Long life practice

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Amitayus thangka from the private collection of Sogyal Rinpoche

Long life practice (Skt. āyuḥsādhana; Tib. tsé drup; Wyl. tshe sgrub) is an important aspect of vajrayana practice, employing the skilful means of the secret mantra in order to increase one's own or others' lifespan. Long life practices are often focused on deities specifically associated with longevity, such as Amitayus, the Buddha of Boundless Life, White Tara or Ushnishavijaya (Tib. Namgyalma)—known collectively as the 'three deities of long life'—Tsendali, the consort of Amitayus, or Thangtong Gyalpo.

Sogyal Rinpoche writes[1]:

Any spiritual practice we do, since it accumulates "merit," will help prolong our lives and bring good health. A good practitioner, through the inspiration and power of his or her practice, comes to feel psychologically, emotionally, and spiritually whole, and this is both the greatest source of healing and the strongest protection against illness.
There are also special "long-life practices," which summon the life-energy from the elements and the universe through the power of meditation and visualization. When our energy is weak and unbalanced, these longevity practices strengthen and coordinate it, and this has the effect of extending our lifespan. There are also many other practices for enhancing life. One is to save the lives of animals that are due to be slaughtered, by buying them and setting them free. This practice is popular in Tibet and the Himalayan regions, where, for example, people often go to the fish market to buy fish and then release them. It is based on the natural karmic logic that taking the life of others or harming them will shorten your life, and giving life will lengthen it.

Brief Teaching by Orgyen Tobgyal Rinpoche[2]

All sentient beings have as the ground of their being, the sugatagarbha, due to which they can attain enlightenment. If there were no potential for enlightenment, there would not really be such a special point made about living a longer life.

If you are to attain enlightenment, then you require a physical form. It is said that the form of a human being is the best form among the six classes of beings. The ‘boat’ of the human body is very good for crossing the ‘river’ of suffering. This is an important point. But we will not find this boat again and again. So now that we have it, we should not waste our time in laziness and sleep.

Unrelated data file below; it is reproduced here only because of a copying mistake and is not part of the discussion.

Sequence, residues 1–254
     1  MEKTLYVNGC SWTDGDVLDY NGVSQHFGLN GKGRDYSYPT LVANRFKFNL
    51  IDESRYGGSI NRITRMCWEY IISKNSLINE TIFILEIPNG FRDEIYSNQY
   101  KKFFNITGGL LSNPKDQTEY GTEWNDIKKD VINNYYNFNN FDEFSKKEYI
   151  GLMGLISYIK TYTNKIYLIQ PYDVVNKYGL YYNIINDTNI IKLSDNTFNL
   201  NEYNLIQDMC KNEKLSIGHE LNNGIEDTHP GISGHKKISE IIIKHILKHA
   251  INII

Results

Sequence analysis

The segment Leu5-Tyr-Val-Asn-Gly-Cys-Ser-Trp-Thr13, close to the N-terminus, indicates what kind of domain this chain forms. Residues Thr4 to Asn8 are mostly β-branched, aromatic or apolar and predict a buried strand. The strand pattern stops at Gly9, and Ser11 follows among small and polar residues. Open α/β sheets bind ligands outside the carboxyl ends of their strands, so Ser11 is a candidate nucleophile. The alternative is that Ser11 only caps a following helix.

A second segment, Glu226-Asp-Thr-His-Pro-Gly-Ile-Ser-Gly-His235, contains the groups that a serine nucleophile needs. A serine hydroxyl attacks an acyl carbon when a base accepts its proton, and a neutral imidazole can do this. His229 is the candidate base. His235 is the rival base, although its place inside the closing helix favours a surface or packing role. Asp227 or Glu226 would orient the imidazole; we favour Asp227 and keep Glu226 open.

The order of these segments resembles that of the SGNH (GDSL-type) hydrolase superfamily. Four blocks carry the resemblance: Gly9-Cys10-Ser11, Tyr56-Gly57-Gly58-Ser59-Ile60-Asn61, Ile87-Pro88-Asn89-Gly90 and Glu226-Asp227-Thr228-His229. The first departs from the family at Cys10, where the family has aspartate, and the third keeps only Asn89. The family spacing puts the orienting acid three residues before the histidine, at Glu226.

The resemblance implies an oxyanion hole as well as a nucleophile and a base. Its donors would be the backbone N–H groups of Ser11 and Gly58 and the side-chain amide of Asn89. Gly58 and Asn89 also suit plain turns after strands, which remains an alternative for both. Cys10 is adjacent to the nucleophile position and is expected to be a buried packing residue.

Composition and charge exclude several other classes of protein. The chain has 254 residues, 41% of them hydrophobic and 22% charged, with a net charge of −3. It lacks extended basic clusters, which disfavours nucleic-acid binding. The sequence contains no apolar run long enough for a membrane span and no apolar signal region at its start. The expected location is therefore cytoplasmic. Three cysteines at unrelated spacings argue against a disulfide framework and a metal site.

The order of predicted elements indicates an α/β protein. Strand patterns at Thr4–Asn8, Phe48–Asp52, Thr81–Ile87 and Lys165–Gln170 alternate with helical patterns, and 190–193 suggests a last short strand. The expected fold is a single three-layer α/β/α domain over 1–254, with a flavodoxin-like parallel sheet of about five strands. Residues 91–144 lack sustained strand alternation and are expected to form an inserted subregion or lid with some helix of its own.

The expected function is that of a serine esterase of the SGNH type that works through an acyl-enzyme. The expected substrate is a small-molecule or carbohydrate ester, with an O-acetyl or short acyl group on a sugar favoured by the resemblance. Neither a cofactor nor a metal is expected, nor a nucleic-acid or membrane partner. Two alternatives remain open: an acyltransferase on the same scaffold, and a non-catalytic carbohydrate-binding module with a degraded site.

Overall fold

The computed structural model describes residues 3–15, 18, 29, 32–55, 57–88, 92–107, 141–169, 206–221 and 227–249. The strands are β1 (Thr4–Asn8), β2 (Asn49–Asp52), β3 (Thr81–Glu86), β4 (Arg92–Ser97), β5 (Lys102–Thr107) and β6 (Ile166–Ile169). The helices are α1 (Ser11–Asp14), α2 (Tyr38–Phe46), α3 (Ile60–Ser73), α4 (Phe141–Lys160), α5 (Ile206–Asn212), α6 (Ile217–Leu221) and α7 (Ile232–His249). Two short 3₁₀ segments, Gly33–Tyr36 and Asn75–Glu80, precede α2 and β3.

Guru Rinpoche said:

As the first of all activities,
The vidyadhara should achieve longevity!
Of all activities, the first should be long-life practice.
If life is long, it can be virtuous,
And the purpose of this life and the next can be achieved.

So it is good to live a long life because we can fully accomplish the purpose of this and future lives.

In terms of the methods for prolonging life, the buddhas, who are skilled in means and possess great compassion, have taught many different ways. They have taught both common and supreme methods for extending life.

Common methods include ‘extracting the essence’ (chülen) and taking medicinal substances, and methods employing the breath and special yogic exercises. You find a lot about medicine and how to make pills for long-life and so on in the terma teachings. Among the uncommon methods, there is deity visualization, mantra recitation, and dzogrim practice.

If the common methods can be combined with supreme, uncommon methods then life will naturally be extended. So when we do long-life practice we bring together the common and uncommon techniques. If, for example, we make long-life pills, which is a common method, then we combine that with the uncommon methods of visualizing the deities and blessing the substances, so that the two levels are combined.

Since longevity is so important, there is no tertön who has not revealed methods for long-life practice. Some revealed as many as five or six different practices, some two or three. So there are many long-life sadhanas.

Therefore, if you are a practitioner of the Dharma, someone who is putting the teachings into practice, there is great significance to doing long-life practice. If you are not a Dharma practitioner, but just someone caught up in worldly life, then there is not such great purpose to living a long time. Here we are talking from the point of view of a practitioner.

These long-life practices bring the two together: common and uncommon. We achieve longevity as the ordinary accomplishment, but in the process, we also achieve the supreme accomplishment. In the best case, we achieve the rainbow body. If not, then by living for eighty or ninety years, we become a good practitioner whose realisation is as vast as space, and who is able to work for his or her own and others’ benefit.

Every one of us needs to do long-life practice. And we need to do a practice that combines common and uncommon methods. For this you need an explanation on how to practise.

Notes

  1. Sogyal Rinpoche, The Tibetan Book of Living and Dying, page 249.
  2. From an oral teaching given by Orgyen Tobgyal Rinpoche in Lerab Ling, on 26th July 1998. Full teaching here

Teachings Given to the Rigpa Sangha

Further Reading

  • Cabezón , Jose, I. "Firm Feet and Long Lives: The Zhabs brtan Literature of Tibetan Buddhism" in Cabezón and Jackson, ed., Tibetan Literature: Studies in Genre, Ithaca: Snow Lion, 1996
  • Sogyal Rinpoche, The Tibetan Book of Living and Dying, pages 248-249.

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